Jan 162015
 

We have a sick boy at home, so that means movie time—and he’s young enough (7) to watch just about anything that shows up on TCM without much complaint. Earlier this week, a movie called Hootenanny Hoot was on—and who pops up but a young Johnny Cash, looking pretty doggone cool.

The movie, which is sort of a cash-in on the early ’60s folk movement, isn’t very good, but does include a couple of great performances by Judy Henske. She kind of steals the show for me because they only have the one Cash song. I’d never heard of her, but she seems like a precursor of Janis and Grace Slick. I guess her most famous song is an early version of “High Flyin’ Bird,” which predates the Jefferson Airplane cover by 3 years or so.

I also like movies that pop in surprises—like Marshall Crenshaw playing Buddy Holly in La Bamba  or Aimee Mann in The Big Lebowski.

What are some of your favorite artist cameos: musical performance or acting?

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Jan 062015
 

My holiday break was fantastic! If yours was even half as good, I’m sure you feel the same. I hope so, but really: my break was even better. Up front we knocked out our holiday stuff, spent quality time with family, then had a couple of days of doing almost nothing before closing out the holiday break with quality time with friends. I got a lot done during the days of doing almost nothing, including tearing through a cool new Beatles/Beach Boys book, entitled Manson. There was a brief interruption of my holiday break, when I had to return to work on Friday, January 2, but before I knew it the weekend was here. I spent the final fews hours of my holiday break catching up on a bunch of rock docs I’d saved in my Netflix queue for months:

  • Big Star: Nothing Can Hurt Me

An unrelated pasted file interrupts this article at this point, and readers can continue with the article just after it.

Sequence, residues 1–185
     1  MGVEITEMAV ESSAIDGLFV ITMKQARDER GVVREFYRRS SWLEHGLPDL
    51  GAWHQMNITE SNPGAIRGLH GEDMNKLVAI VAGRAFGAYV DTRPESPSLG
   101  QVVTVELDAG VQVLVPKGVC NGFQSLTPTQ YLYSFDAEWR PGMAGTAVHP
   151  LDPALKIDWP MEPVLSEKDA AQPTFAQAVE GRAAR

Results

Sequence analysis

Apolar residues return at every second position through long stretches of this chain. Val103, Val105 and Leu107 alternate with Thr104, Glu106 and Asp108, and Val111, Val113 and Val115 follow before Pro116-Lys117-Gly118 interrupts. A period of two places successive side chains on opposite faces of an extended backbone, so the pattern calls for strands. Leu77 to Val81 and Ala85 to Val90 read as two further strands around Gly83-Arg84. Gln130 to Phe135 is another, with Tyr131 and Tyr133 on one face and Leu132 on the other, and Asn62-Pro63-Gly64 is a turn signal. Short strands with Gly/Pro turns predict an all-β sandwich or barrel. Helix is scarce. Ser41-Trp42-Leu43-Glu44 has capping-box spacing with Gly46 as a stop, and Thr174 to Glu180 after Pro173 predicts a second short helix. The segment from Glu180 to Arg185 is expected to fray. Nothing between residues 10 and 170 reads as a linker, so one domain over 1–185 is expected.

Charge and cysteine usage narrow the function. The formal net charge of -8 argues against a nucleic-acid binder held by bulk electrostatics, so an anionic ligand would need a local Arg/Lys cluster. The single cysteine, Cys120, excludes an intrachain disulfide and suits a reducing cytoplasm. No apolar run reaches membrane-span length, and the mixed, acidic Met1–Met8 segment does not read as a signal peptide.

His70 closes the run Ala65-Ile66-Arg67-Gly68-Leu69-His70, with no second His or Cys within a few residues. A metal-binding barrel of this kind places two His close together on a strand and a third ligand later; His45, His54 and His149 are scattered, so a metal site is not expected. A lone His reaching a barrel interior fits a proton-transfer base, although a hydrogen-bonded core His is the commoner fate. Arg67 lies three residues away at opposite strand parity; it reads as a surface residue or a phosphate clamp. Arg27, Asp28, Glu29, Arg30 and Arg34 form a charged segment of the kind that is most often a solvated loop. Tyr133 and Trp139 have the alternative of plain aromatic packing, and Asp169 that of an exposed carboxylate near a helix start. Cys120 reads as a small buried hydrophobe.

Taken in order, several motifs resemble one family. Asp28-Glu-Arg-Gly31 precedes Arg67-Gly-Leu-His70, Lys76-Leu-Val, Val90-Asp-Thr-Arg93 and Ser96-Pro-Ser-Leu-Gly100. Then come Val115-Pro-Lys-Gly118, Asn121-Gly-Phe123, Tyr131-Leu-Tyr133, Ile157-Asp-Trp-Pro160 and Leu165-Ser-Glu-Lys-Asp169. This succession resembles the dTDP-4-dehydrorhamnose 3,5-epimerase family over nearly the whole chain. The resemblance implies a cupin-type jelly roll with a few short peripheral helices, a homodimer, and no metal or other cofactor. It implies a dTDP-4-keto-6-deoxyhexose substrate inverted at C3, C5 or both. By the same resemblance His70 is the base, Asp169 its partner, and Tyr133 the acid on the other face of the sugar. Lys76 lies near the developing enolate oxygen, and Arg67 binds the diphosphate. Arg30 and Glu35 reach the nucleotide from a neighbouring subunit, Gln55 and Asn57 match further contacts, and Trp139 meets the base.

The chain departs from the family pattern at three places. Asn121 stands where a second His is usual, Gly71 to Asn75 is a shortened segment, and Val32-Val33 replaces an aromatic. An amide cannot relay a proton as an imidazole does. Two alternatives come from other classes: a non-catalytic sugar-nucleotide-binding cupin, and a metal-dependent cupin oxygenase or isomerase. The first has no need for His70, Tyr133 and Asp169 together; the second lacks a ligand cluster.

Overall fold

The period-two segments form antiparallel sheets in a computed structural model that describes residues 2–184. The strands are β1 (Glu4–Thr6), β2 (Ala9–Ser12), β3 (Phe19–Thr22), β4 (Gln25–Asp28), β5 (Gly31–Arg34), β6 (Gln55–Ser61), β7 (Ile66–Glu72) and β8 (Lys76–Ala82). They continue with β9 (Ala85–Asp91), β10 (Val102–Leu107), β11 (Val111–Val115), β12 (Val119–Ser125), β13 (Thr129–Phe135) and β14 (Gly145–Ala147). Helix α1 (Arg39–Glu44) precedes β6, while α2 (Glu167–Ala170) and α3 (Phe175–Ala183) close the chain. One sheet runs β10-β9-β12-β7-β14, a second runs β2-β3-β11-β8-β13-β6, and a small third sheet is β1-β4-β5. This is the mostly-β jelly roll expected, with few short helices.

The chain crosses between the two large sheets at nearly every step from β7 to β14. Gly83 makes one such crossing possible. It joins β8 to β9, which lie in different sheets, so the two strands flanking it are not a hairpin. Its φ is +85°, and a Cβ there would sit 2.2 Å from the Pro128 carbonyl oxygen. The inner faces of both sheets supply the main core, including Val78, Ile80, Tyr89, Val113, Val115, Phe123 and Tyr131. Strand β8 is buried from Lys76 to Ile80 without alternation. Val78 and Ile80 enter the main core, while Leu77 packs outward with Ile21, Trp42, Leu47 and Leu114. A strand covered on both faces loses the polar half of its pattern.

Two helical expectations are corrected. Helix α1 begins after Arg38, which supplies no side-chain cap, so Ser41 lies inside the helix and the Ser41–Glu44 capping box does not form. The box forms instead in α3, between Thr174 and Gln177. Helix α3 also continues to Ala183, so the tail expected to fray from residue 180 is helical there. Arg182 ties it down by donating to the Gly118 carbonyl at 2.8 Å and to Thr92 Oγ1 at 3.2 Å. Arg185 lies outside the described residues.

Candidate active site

• Ain’t in it for My Health: A Film About Levon Helm
  • Twenty Feet From Stardom

My impressions follow. I’m curious to know what recent rock docs you’ve watched that you’d recommend (or not).

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Nov 042014
 

A few years ago the dearly missed Happiness Stan wrote up a piece on an English cult artist I’d never heard about before, Frank Sidebottom. Despite Stan’s typically charming and personal presentation, this artist was hard to swallow. However, I had to give Sidebottom props, at first site, for being annoyingly funny. After that post faded from The Main Stage and after Happiness Stan faded from these Hallowed Halls I never gave Frank Sidebottom another thought…until this past summer, when my wife and I were desperate to see a new movie and came across the description of something called Frank.

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Jun 062014
 
Seeking direction.

Seeking direction.

Last month TCM (ie, “The Old Movie Channel”) featured a series of films from Australia’s early ’70s New Wave. This gave me a chance to get sucked into Peter Weir‘s hypnotic Picnic at Hanging Rock for the umpteenth time as well as a chance to finally see his commercial breakthrough, The Year of Living Dangerously, which got off to a strong start before petering out in Important Old-Time Movie Cliches and not quite living up to its grand aspirations. (This may have been only the second time I ever saw Mel Gibson in a movie from start to finish. Weird.)

Anyhow, during the introduction to one of these Weir films the series’ host, Jackie Weaver, the Australian actress who played the Philadelphia mom of Bradley Cooper’s Silver Linings Playbook character as Edith Bunker (a topic for another day: when will a Hollywood film get an actor to play a Philadelphia character with an actual Philadelphia accent) mentioned Weir’s 1971 short film, Three Directions in Australian Pop Music. Having dug the Aussie rock from that era that I stumbled across a few years ago (and I’m still looking for a killer comp of that stuff, if anyone has a recommendation), I had to track this short film down. Thankfully, someone had posted it on YouTube. The following directions in Australian pop music were, for the most part, left uncharted. Thankfully. See what you think…after the jump! Continue reading »

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Dec 312013
 
It's only rock 'n roll!

It’s only rock ‘n roll!

Martin Scorsese is on my shit list this holiday season. Big time. I used to run out to see Scorsese movies as soon as they were released. The Last Waltz is a major reason I’m still so obsessed with rock ‘n roll. At 17, I sat in the second row of a packed theater for Raging Bull. The two of us knew exactly what that movie was getting at. I simply mention that movie to her to this day and our bond is confirmed. He didn’t miss a beat with left turns, like The King of Comedy and After Hours. Even The Color of Money paid off.